Strip Time Eaters

Strip away any time you spend that doesn’t either push you toward achieving your definition of success, or give you more time to spend outside of work living your life. Removing needless tasks (one’s that don’t actively make you money or advance your goals) can fall under the umbrella of building business systems, but more often than not, we lose valuable time doing things that do neither, like hanging out in Facebook groups or getting distracted by Angry Birds. You have to be completely ruthless with yourself when figuring out what things are time eaters in your life. If you have to delete Messenger from your phone, do it. If you have to lock your TV remotes up during the day, do it. During work hours, don’t let anything distract you that doesn’t add to the bottom line.

Photo: Pexels
Photo: Pexels

Set Boundaries

Sole proprietors rarely get to leave work at work. We often have home offices and deal with client needs and other issues while our families go about their normal evening tasks, spending time answering emails while our kids eat dinner or staying up late editing on a deadline while our family climbs into bed, only to be faced with overwhelming chores that didn’t get done during work. If family life is important to your work life balance, and I submit that it absolutely should be, then you need to set boundaries and make it very clear that work does not enter beyond this hour. Use the previous tips to maximize your time at work so that you can confidently say, business hours are over at 4 p.m.

Another option is the possibility of introducing your family into your work environment. This is a much more difficult way to balance, and can often cause more trouble than it solves, but there are people who have been able to do it successfully. You’ll have to carefully consider whether this is the right answer for you.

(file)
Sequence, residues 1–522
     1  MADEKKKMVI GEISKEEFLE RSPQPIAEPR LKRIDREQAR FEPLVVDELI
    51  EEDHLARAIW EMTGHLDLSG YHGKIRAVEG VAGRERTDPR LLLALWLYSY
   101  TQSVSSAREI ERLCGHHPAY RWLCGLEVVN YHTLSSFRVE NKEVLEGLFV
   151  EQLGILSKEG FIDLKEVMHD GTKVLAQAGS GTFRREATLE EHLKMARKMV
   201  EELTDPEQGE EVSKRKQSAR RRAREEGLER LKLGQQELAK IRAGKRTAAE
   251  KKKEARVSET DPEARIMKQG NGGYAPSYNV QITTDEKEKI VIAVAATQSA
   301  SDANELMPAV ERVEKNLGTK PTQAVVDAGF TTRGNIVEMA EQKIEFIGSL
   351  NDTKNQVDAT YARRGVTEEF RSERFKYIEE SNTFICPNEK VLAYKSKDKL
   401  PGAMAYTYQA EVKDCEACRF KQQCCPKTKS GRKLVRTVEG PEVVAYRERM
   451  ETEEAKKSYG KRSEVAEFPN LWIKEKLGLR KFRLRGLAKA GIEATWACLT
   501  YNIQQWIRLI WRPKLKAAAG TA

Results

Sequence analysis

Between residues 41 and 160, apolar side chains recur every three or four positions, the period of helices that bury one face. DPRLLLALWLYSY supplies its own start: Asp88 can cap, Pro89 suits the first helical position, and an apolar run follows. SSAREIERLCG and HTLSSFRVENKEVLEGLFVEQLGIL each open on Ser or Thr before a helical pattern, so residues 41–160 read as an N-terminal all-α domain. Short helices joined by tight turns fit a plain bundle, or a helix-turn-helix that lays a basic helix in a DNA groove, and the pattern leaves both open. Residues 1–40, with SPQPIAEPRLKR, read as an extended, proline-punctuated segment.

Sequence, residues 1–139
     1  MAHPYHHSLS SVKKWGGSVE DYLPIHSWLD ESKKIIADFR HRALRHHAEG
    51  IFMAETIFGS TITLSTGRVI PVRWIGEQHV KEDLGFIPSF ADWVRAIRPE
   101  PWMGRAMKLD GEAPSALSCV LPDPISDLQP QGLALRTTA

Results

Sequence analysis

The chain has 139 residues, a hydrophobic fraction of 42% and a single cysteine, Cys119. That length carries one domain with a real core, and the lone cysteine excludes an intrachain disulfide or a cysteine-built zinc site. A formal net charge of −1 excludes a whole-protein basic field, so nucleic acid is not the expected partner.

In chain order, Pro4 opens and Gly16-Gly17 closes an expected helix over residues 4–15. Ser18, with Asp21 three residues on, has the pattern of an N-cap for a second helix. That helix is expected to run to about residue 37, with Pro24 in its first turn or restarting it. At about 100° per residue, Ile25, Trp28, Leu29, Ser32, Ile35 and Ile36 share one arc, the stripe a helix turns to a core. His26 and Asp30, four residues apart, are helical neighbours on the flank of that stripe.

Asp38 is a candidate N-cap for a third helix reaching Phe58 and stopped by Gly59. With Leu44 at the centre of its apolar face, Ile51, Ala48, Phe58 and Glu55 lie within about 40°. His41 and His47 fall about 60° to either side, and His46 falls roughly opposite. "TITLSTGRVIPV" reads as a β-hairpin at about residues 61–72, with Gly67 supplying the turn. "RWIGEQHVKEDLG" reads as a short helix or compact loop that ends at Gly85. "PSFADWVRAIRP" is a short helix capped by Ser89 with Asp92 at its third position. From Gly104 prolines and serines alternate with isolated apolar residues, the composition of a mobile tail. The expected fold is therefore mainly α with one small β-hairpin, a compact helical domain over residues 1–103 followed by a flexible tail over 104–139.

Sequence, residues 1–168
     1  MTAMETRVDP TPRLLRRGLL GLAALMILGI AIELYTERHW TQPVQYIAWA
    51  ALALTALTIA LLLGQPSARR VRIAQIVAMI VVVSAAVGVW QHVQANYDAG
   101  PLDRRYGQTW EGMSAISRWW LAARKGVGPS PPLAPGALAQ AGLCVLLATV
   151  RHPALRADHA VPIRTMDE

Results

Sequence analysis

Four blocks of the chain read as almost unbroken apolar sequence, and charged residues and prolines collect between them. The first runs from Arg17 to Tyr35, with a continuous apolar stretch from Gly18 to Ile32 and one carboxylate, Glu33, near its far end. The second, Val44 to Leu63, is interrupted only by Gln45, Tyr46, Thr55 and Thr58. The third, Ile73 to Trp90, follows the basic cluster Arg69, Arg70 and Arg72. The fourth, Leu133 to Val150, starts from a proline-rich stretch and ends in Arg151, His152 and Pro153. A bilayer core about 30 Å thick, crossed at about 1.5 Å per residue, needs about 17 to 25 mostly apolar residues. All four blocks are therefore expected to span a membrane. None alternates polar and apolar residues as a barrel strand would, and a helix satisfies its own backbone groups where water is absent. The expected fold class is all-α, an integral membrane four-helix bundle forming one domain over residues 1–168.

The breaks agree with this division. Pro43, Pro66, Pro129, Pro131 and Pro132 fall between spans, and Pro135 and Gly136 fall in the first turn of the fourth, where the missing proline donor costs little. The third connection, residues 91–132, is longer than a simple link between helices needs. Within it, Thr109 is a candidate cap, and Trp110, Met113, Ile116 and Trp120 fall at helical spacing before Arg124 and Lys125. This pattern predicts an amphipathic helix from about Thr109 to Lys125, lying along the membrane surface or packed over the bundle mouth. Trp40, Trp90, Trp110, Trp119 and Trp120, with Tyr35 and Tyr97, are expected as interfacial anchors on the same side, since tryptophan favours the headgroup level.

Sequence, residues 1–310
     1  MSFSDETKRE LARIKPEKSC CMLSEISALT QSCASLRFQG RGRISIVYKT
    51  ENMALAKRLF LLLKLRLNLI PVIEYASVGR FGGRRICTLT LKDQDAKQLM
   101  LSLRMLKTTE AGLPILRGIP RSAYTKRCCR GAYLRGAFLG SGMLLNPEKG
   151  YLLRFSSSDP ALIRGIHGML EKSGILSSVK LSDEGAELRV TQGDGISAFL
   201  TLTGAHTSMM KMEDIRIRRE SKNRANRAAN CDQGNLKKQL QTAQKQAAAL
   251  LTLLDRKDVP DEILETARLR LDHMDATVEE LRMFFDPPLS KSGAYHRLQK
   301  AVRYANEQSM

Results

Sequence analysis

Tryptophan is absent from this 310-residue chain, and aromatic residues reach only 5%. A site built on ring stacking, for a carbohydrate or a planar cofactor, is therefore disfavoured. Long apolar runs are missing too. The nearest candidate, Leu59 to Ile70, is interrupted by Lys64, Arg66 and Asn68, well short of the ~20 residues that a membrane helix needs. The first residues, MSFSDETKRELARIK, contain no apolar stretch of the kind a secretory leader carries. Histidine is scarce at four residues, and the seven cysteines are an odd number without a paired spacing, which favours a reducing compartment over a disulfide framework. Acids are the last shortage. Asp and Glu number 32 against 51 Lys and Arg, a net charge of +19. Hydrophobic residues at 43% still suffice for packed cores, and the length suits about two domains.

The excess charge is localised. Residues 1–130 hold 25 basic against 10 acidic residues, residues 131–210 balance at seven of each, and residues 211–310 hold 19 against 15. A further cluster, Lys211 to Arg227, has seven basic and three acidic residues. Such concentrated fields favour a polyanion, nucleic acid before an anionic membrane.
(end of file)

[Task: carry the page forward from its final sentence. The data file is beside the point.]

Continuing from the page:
Feed Your Soul

So much time is spent trying to make work successful that we often neglect to do the things that make us happy, healthy people. Whether it’s more time at the gym, hanging out with friends, meditating in the morning, volunteering for a charity, hiking with family, or reading a good book with a glass of wine, you have to spend time doing the things that feed your soul. People who are happier and more content are more productive. Taking care of yourself is better for you, better for your loved ones, and better for your business. If you aren’t a priority in your own life, everything else will begin to crumble.

Photo: Pexels
Photo: Pexels

These tips have the common theme of time management, because time is your most valuable resource. It’s limited and precious, and the only thing you cannot get more of. The old adage of working smarter, and not harder, is the key to finding the balance between your work and your life. Sharply defining your definition of success and ruthlessly pairing away anything that doesn’t actively contribute to that goal is merely a way to organize where you spend your time. Recognizing that time is the true measure of what is important is the first step in catching the unicorn and finding the balance.